Following up on "Chinese Hoarding May Explain Cotton Market Mysteries".
Among the world's traders Dreyfus is the top dog in cotton. China is the top end user.
China has more money than Dreyfus has cotton.
Game and set to China, we'll have to see about the match.
China's cotton stockpiling distorts prices -Louis DreyfusMeanwhile, the lawsuit alleging manipulation of the cotton market by Dreyfus, filed by Glencore's former head of cotton trading, moves forward:
* Hoarding distorting prices, says Louis Dreyfus chief
* Prices should be around 50 cents based on real fundamentals
* Switch to synthetics a major headwind
The cotton chief of global trader Louis Dreyfus Commodities took aim at the largest buyer of raw cotton on Tuesday, blaming China's aggressive stockpiling program for hampering the fragile industry's recovery and distorting global prices.
Joe Nicosia, head of the world's biggest cotton merchant, told hundreds of U.S. growers at the Cotton Beltwide conference that enduser demand would not rebound unless prices fell to make it competitive with polyester. That will only happen when Beijing stops soaking up the world's surplus fiber.
"The longer China holds on to its policy, the worse and more dire the situation will become," said Nicosia, executive vice president and global head of cotton at the commodity trader.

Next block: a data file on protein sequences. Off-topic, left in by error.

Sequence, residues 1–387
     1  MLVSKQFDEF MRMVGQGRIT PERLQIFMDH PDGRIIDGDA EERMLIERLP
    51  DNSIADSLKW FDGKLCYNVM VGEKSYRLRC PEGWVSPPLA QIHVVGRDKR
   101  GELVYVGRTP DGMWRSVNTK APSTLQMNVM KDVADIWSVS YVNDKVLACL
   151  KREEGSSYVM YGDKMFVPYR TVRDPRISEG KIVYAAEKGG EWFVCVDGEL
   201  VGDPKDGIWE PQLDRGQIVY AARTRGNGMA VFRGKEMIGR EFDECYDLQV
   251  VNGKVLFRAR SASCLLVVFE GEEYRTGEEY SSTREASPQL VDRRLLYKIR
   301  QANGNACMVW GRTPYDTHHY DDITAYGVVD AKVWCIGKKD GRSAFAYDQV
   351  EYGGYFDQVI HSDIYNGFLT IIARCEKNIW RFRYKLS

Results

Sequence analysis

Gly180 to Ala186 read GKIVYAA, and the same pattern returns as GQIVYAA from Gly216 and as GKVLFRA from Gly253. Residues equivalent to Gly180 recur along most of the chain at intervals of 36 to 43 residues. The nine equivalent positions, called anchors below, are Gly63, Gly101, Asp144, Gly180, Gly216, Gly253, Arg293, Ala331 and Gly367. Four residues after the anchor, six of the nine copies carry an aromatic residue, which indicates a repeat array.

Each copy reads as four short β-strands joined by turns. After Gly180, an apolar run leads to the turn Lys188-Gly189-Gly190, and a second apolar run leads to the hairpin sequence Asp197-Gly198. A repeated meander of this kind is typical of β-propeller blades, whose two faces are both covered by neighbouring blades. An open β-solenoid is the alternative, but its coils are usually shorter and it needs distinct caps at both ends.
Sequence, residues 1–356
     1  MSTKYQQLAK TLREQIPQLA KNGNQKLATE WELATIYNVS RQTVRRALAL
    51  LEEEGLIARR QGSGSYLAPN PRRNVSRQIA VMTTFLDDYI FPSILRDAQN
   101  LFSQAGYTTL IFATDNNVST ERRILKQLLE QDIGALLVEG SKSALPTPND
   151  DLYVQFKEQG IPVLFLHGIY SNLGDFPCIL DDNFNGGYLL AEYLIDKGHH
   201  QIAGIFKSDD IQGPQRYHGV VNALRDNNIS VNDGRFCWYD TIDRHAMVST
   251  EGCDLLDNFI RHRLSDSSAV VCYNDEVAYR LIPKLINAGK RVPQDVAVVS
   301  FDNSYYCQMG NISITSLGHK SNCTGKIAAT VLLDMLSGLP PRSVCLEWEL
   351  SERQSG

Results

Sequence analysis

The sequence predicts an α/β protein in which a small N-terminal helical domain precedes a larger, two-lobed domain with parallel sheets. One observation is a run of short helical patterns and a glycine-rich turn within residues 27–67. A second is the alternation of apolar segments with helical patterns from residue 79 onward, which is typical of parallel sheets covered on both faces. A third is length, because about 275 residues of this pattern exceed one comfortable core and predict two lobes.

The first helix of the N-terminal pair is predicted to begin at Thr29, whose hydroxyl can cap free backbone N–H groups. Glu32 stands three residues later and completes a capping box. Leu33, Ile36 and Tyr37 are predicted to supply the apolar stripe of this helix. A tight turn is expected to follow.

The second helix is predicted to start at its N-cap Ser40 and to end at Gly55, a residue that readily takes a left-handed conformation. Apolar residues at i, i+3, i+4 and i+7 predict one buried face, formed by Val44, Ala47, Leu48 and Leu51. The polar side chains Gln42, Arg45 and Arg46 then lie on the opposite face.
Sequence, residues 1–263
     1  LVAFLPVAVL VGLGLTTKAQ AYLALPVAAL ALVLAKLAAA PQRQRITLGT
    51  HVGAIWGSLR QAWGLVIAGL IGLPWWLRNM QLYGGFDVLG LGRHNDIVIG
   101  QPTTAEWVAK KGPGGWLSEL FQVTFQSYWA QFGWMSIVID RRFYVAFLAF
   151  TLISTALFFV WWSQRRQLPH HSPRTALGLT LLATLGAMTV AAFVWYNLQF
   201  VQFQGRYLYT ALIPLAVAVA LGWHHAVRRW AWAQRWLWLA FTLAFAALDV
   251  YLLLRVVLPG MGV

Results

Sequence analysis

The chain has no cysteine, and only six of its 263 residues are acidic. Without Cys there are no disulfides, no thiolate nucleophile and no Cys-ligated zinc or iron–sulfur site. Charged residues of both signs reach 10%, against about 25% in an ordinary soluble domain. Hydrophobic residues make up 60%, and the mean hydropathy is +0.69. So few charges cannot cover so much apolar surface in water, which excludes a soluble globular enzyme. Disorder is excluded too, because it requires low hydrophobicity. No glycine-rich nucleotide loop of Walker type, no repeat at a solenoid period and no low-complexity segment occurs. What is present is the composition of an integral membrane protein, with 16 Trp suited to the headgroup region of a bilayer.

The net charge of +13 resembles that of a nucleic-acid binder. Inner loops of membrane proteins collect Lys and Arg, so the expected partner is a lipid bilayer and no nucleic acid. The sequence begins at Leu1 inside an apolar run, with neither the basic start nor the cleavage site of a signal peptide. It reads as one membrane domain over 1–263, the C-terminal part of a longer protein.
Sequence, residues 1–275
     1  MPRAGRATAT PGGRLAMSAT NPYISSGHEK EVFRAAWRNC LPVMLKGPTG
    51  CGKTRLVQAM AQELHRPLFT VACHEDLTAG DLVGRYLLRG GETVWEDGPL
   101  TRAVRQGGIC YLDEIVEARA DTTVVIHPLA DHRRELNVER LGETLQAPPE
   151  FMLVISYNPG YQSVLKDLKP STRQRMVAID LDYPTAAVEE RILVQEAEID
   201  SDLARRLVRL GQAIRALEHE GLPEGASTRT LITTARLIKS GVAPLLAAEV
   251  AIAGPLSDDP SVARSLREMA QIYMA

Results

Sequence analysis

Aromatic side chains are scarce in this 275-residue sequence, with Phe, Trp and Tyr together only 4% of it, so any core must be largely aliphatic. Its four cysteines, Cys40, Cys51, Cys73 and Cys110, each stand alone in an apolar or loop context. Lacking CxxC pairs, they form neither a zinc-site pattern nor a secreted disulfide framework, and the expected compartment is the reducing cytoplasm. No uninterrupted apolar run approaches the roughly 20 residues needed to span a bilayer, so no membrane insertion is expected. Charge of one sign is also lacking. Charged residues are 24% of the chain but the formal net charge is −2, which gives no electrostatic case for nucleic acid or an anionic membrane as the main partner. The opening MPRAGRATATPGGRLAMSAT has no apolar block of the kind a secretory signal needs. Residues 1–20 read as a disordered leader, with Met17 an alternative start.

His comments reflected widespread concern among U.S. merchants, farmers and mills about the impact of Beijing's hoarding, which effectively keeps half the world's inventory off the market, as the industry struggles to repair damage from the wild prices of the past four years.
After a two-year buying spree as part of a government-backed program to support its farmers by paying premium prices for home grown fiber, Beijing's strategic reserve will have accumulated an estimated 40 million bales of cotton by the end of March....MORE
NEW YORK, Nov 28 (Reuters) - The traders who sued Louis Dreyfus Commodities BV for allegedly manipulating cotton prices last year are trying to avoid the blame for their own bad bets, the company said in a court filing Tuesday.
In a motion to dismiss the lawsuit in U.S. District Court in Manhattan, Louis Dreyfus said the plaintiffs, who include former senior Glencore trader Mark Allen, failed to provide any evidence that the company illegally inflated prices by monopolizing cotton futures. Instead, it said, the traders were speculators who sold cotton futures short at the wrong time.
"Despite their level of sophistication and full appreciation of the risk that they could lose money, plaintiffs now seek to shift the burden of their bad investment decisions onto Louis Dreyfus," the commodity trading giant said in the filing, which asked Judge Andrew Carter to throw out the case....MORE